Pholiota squarrosa growing on a fallen tree br...

Pholiota squarrosa growing on a fallen tree branch. This specimen is rare, as most grow together in clusters. (Photo credit: Wikipedia)

the four noble truths

January 10, 2012
Neuroimaging sheds light on the seat of suffering

Image via Wikipedia

This is a lesson based on a tradition called “the four noble truths.” Briefly, those truths are the first truth of suffering, the second truth of the cause of suffering, the third truth of the discontinuing of the cause of suffering, and the fourth truth of the way to live life after suffering.

The first truth of suffering involves relating to life as if there is some part of life that should not be how it is. Suffering is not simply pain or illness or old age or dying or even violence. Suffering is a way of relating to life. Suffering involves ill will as in contempt as in enduring madness as in mental illness as in agonizing as in hell. While there are a variety of forms and intensities of suffering, what I mean by the word suffering includes all of them.

The second truth of the cause of suffering involves the recognizing of the power of words. Words are symbolic codes with an origin as signals of sound, though words can also be written. The term “words” can even include gestures and hand signals or “sign languages.” 

Words are distinct from a mere signal because of the importance of the sequencing of the words. Words are the origin of what can be called nonsense, such as “this should be what should not be.” The second truth, briefly, is that all suffering is caused by nonsense made of words.

Specifically, “this should not be how it is” is the kind of formation in words that can correspond to the experience of suffering, at least if there is a belief in the nonsense rather than a recognition of the nonsense as nonsense. “This should not be how it is” is rooted in “there is exactly one way that this should be.” In other words, suffering is rooted in the linguistic model of “there is exactly one way that this should be,” at least as it applies to some particular perception or experience. “There is exactly one way that this should be” is further rooted in “there is exactly one way that life should be,” which is nonsense.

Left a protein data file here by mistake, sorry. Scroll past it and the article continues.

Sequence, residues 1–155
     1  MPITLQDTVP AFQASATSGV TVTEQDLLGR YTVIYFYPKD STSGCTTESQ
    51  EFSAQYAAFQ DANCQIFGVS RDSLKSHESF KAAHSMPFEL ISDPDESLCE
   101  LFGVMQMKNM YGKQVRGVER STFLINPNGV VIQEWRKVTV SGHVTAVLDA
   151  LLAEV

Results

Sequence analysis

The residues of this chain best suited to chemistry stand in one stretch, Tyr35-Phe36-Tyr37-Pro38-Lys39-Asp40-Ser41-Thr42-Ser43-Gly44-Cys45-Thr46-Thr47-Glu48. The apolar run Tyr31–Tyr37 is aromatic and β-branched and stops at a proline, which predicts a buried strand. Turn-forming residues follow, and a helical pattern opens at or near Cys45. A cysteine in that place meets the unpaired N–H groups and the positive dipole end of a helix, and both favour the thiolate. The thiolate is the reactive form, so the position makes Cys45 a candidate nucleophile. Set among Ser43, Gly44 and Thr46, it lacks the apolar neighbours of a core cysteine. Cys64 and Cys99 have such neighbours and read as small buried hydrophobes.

However, if operating as if it is inherently true that life should be a certain way, then suffering is the natural and inevitable result. That suffering could be in the form of ill will as in contempt as in enduring madness as in mental illness as in agonizing as in hell. Or that suffering could be mere frustration, worry, resentment, sorrow or grief.

Earlier than the belief that “there is exactly one way that life should be” is another presumption in language. That presumption is “there is exactly one way that life is,” which is also nonsense.

So, if there is a belief in the nonsense that there is exactly one way that life is, then that leads to the belief in the nonsense that there is exactly one way that life should be (which is also the way that it allegedly is), which leads to the various forms of suffering such as shame and blame and rage. If there is a belief that there is exactly one way that a particular thing is (which is also the way that it should be), then that belief in nonsense inevitably leads to various forms of suffering.